The regular polytopes are the analogues, in dimension higher than three, of the regular polyhedra in dimension three and of the regular polygons in dimension two. A regular polyhedron is an assembling of regular polygons, the faces, neighboring faces having an edge in common. Likewise the regular 4Dpolytopes, described by Schläfli, are assemblies of regular polyhedra, the cells, neighboring cells having a face in common.
Here are the characteristics of the six convex regular 4Dpolytopes (there are also ten stellated).
With at least three cells around each edge there are only six possibilities: 3, 4 or 5 tetrahedra, 3 cubes, 3 octahedra and 3 dodecahedra. They verify the Euler formula found by Schläfli: V + F = E + C The simplex and the 24cell are their own duals. The hypercube (also called tesseract) and the 16cell (cross polytope) are dual, the 120cell and the 600cell too. 

But how to represent a polytope? In the same manner as we do for a polyhedron: by projection on an hyperplane, what reduces the dimension by one unit; we get a representation which don't preserves all the regularity (cf perspective).
Here are representations (Schlegel diagrams) and nets of the four simplest 4Dpolytopes. Don't forget that in dimension four they are regular, in particular all their edges have same length and those of the hypercube are mutually perpendicular. For the last two it's much more complicated.



 



 
The 120cell  equivalent of the regular dodecahedron in 3D  is limited by 120 cells (regular dodecahedra), four per vertex, three per edge and two per face. This structure is an approximation of an hypersphere of 4D (just like the 12 faces of the regular dodecahedron build an approximation of a sphere in 3D).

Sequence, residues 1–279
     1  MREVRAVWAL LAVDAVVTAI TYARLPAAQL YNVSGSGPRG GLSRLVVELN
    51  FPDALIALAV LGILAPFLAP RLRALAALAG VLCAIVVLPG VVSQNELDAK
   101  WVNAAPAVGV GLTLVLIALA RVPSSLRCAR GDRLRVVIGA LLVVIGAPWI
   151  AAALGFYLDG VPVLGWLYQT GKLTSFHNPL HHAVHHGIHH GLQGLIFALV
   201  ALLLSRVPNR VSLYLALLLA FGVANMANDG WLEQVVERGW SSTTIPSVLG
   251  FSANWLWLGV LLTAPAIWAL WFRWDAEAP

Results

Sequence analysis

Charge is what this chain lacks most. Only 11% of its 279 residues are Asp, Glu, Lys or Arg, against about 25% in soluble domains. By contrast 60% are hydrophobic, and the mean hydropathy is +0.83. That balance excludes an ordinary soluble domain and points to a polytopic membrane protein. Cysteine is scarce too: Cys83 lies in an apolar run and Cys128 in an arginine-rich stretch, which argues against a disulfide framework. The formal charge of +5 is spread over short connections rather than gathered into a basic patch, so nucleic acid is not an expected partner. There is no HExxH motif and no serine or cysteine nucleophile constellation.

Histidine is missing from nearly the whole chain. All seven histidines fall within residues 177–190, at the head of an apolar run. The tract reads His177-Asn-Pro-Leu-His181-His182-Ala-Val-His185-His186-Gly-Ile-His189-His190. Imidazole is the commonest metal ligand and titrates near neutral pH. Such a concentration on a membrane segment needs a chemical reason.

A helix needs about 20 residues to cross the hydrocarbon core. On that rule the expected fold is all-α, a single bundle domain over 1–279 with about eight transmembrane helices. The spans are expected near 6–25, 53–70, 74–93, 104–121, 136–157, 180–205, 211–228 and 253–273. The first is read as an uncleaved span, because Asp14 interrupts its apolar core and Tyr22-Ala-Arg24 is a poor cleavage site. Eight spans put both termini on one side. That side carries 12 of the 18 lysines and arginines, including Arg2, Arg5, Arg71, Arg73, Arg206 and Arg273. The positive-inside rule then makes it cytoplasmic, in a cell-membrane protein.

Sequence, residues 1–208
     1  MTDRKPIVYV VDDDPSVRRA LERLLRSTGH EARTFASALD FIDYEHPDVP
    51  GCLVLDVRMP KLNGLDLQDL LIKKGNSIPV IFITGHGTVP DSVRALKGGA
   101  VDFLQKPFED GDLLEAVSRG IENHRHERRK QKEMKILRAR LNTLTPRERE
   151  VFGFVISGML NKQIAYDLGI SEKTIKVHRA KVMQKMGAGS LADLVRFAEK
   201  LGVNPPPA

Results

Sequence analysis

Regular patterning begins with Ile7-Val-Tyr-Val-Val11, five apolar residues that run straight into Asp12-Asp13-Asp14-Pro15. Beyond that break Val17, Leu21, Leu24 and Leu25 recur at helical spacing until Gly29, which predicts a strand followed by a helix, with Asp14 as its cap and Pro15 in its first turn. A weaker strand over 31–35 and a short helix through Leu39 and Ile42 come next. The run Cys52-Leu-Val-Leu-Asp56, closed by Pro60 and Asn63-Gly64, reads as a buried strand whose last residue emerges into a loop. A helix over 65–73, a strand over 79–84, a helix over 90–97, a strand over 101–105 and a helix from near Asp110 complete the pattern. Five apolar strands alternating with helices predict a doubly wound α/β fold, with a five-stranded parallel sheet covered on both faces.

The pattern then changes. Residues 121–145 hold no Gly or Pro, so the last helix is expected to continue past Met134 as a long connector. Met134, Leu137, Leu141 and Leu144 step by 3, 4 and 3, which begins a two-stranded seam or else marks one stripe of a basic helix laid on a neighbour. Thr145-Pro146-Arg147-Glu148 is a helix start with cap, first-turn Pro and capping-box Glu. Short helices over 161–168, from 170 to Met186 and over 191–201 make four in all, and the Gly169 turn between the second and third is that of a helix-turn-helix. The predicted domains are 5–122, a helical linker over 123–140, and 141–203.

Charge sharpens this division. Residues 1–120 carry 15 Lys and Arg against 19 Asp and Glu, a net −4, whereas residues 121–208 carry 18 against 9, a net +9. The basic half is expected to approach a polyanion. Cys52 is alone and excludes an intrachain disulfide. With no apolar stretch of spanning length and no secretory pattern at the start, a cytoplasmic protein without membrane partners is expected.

The puzzle on the right is a an exploded view of a projection in 3D of the 120cell; it is made up of 1+12+20+12=45 dodecahedra: only the first  at the center  is regular, the others are more or less flattened (distortions due to the projection from 4D on a 3Dhyperplane) and laidout in three successive layers.
The projections of the 30 cells orthogonal to the projection's hyperplane are the hexagonal faces (flattened dodecahedra) of the chamfered dodecahedron which contains the assembling of the 45 pieces. More precisely, the blue dodecahedron is the projection of the nearest cell (a pole of the hypersphere); the three layers (green, brown and orange dodecahedra) correspond to cells situated on a same parallel of the hypersphere; the dodecahedra flattened into grey hexagons correspond to the cells situated on the equator. Two cells symmetric with respect to the equator have same projection. Want to build your own (paper models or 3D printing)?

 
Thanks to Arnaud Chéritat who kindly sent me the data for this animation and to Nicolas Hannachi who transformed them with Mathematica to make them usable with LiveGraphics3D. 
There are only three regular convex polytopes  with respectively d+1, 2d and 2^{d} hyperfaces (the three first rows of the table)  in each dimension higher than four; the first, corresponding to the tetrahedron, is self dual, the two others, corresponding to the cube and the octahedron, are dual.
Remark: the characteristics of the nDhypercube can be deduced from the coefficients of the polynomial (1+2x)^{n }, for n=4 (1+2x)^{4} = 1 + 8x + 24x^{2} + 32x^{3} + 16x^{4}
In this video (YouTube  7'20) Oliver Knill presents the six 4polytopes and the three 5polytopes.
references: 
• To understand and visualize the 4th dimension view the videoanimations proposed by dimensionsmath (2 hours of beautiful mathematics!); there you'll also learn  with an elementary proof  what a stereographic projection is.
• Two other approaches: 4D Visualization and La quatrième dimension (Micmaths on YouTube, in French), a set of four videos (définition  représentation  curiosités  hypercube) by Mickaël Launay • The 4Dpolytopes on Wikipedia (French version) • To play with 4Dpolytopes  at least with their projections in 3D  you need Stella4D, the outstanding program by Robert Webb. • The Tesseract by Alex Bogomolny (with interactive applets) • Le 120 (hyperdodecahedron) by Arnaud Chéritat (in French)  build your own (paper models or 3D printing) • "120 Cell Explorer" allows you to discover and handel the 120cell • Die Platonischen Polychora by Marco Möller (in German) • Regular 4d Polytope Foldouts by Andrew Weimholt • Images for Mathematics: 4D geometry (with animations) • Barn Raisings of FourDimensional Polytope Projections by George W. Hart • FLATLAND : geometric fiction from Edwin A. Abbott (1884) which presents a two dimension world (it inspired at least two animation movies) 
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convex polyhedra  non convex polyhedra  interesting polyhedra  related subjects  october 1999 updated 31072022